Look, I’m a die hard Boston sports fan. And even though that means I’m wicked fucking awesome, it also means that I overreact. A lot. To everything. When things are going well I gloat and talk like there will never be another bump in the road. Everything is perfect, and will remain so for all of eternity. But when things go south (which can happen even in the same day on special occasions), I go way too far in the other direction. I curse my team, all the players, question my own existence and wonder how the hell I will ever watch sports again.
My behavior as a parent has not been unlike my sports fan tendencies.
I picked Will up on Wednesday and was concerned to see my daycare provider in tears. She’s been having a lot of personal issues lately so I thought something was wrong in that department. But oh no, it had nothing to do with her. Instead, I learned it was Will causing all of her woes.
In short, apparently he’s a little asshole.
Yeah, yeah. I know. I called my kid an asshole. Get over it. I’m not one of these parents who pretends their offspring can do no wrong. And in this case, it’s true. Because Will hates other kids. Hates them. This goes well beyond Will not sharing (which he doesn’t) or not playing well with others (which he hates). This is about Will not even being able to be in the same room with the other daycare kids. She says they try to engage him in conversation and play with him, but as soon as they get in the same room with him he throws a goddamn fit.
I guess he’s only happy when he’s left to play all by himself. Most kids, when they see a group of other kids all having fun together, immediately run over to play with them and be included. Not Will. He truly doesn’t give a shit.
And because of that, apparently he’s making our daycare provider and all the other kids miserable. She said his behavior has negatively impacted everyone else to the point that he’s unapproachable and the other kids cry at the mere sight of him. And that has led our provider — who loves us and loves Will — to a spot between a rock and a hard place. She wants him to stay and that’s why she’s put up with this for a month now. But she can’t keep him there at the expense of all the other kids’ happiness.
While she was relaying all of this to me, I had conflicting emotions. First of all, I wanted to punish Will. I wanted to ring his neck and punish him for acting like a miserable sociopath. But then my provider started asking me all these questions about how we deal with Will at home. What he plays with, if he watches too much TV, if we spoil him, if we work on sharing, etc. And suddenly I had a whole new range of emotions.
First of all I automatically went on the defensive. I was thinking “My fault?? You think this is my fault? You think I did something? Bullshit. I did nothing wrong. I’m a great parent!!!”
Then, searching for someone else to blame, I thought maybe it has something to do with how every single one of his six grandparents spoils him rotten on a consistent basis. Yeah…that must be it. With the blame off my shoulders, I began to feel better immediately. Until I got home and realized that’s all bullshit, because as parents we accept all the praise for the good things our kids do which means we need to step up and take responsibility for the bad.
Instead of trying to blame other people, I sucked it up and took a long, hard look at how we raise Will. And I realized we need to do more. For starters, there aren’t a lot of other kids around here so he doesn’t get much exposure. But I need to find more time to take him out socially and play with people. Even if he doesn’t like it. Second, just because he doesn’t have any other kids to share with doesn’t mean we can’t practice sharing. So now we make sure we share toys every 30 minutes or so, and he doesn’t get them back until he stops crying and asks to share.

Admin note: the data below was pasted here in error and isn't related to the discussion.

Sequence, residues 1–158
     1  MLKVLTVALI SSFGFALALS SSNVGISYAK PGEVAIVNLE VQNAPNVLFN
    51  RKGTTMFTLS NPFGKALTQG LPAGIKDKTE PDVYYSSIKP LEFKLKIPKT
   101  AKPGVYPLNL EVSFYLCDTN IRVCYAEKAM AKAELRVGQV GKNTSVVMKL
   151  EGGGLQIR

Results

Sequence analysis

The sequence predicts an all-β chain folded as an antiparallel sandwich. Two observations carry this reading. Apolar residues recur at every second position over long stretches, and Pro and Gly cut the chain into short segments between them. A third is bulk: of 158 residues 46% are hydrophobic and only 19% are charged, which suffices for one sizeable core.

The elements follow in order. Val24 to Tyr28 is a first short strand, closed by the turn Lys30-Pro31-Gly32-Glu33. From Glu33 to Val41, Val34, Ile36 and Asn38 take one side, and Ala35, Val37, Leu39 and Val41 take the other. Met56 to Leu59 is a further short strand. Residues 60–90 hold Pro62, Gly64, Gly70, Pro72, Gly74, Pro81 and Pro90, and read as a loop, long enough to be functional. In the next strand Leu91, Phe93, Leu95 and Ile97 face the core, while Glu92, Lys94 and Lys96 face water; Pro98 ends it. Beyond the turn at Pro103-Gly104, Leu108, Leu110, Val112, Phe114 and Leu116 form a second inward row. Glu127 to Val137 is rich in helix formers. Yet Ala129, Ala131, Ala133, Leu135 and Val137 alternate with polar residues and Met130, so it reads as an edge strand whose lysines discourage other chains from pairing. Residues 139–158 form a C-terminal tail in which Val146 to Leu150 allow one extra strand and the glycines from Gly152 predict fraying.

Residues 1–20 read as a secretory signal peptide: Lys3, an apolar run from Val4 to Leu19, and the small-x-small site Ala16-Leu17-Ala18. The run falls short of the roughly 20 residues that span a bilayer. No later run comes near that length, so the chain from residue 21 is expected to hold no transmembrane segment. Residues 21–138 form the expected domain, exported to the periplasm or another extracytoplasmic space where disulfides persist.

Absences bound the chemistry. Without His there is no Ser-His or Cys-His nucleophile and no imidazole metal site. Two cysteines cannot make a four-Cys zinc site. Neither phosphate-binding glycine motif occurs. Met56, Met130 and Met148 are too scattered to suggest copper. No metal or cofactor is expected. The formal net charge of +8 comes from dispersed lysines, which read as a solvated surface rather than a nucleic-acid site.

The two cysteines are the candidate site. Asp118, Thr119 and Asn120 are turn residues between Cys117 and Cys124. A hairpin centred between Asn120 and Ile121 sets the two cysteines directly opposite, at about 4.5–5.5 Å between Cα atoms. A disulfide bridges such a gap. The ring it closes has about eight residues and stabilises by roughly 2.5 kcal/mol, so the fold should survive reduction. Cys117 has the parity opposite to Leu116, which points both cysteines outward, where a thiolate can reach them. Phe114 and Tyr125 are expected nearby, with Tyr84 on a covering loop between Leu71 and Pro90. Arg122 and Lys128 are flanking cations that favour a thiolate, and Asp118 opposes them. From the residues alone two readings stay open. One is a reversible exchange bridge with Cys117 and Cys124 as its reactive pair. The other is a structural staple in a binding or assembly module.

Lastly, I implemented a new program for Will. I call it “Big Boy Points” and basically Will gets a Big Boy Point (BBP) every time he does something positive. Whether that’s sharing, saying please and thank you, helping mom and dad, sitting in his booster seat when he wants milk or sleeping successfully in his big boy bed (sorry, forgot to mention we transitioned to from the crib to a twin mattress), he gets a point. In the future, a point will be a sticker or a star on a whiteboard. And he needs to earn stars in order to play with toys, go play outside, etc. When he gets a certain amount of points, he gets a new Thomas toy.
I’m kind of making it up as I go along, but so far it’s working. He had a better day at daycare today, and he’s starting to share more. But I wish I hadn’t been so delinquent in addressing this and letting it get this far. For the first time I really feel like I’ve failed as a dad. And I know this is probably just a phase and most kids go through it and blah blah blah. I know this. But I don’t care. Because I overreact like an idiot and right now I feel like I’ve been derelict in my dad duties.
I just hope he doesn’t get thrown out of daycare. I’m sure that goes on his permanent record and the he’ll never get into a good facility. With that black cloud following him around I highly doubt any school — even a public one — will take him. He’s going to be a kindergarten dropout who doesn’t even know his ABCs, and while that still qualifies him to work at most fast food restaurants or in government, his options will be severely limited. He and his stuffed monkey will end up living on the streets, and it’ll all be my fault.
Either that or he’ll soon grow out of the Terrible Two phase and everything will be fine. At which point I will surely blog about his unbelievable intelligence level and how he is bound for greatness.
CHECK OUT DAD-BLOGS AND FATHERHOOD FRIDAY, AND READ ABOUT FATHERS WHO ARE ACTUALLY RAISING THEIR KIDS WITH SUCCESS.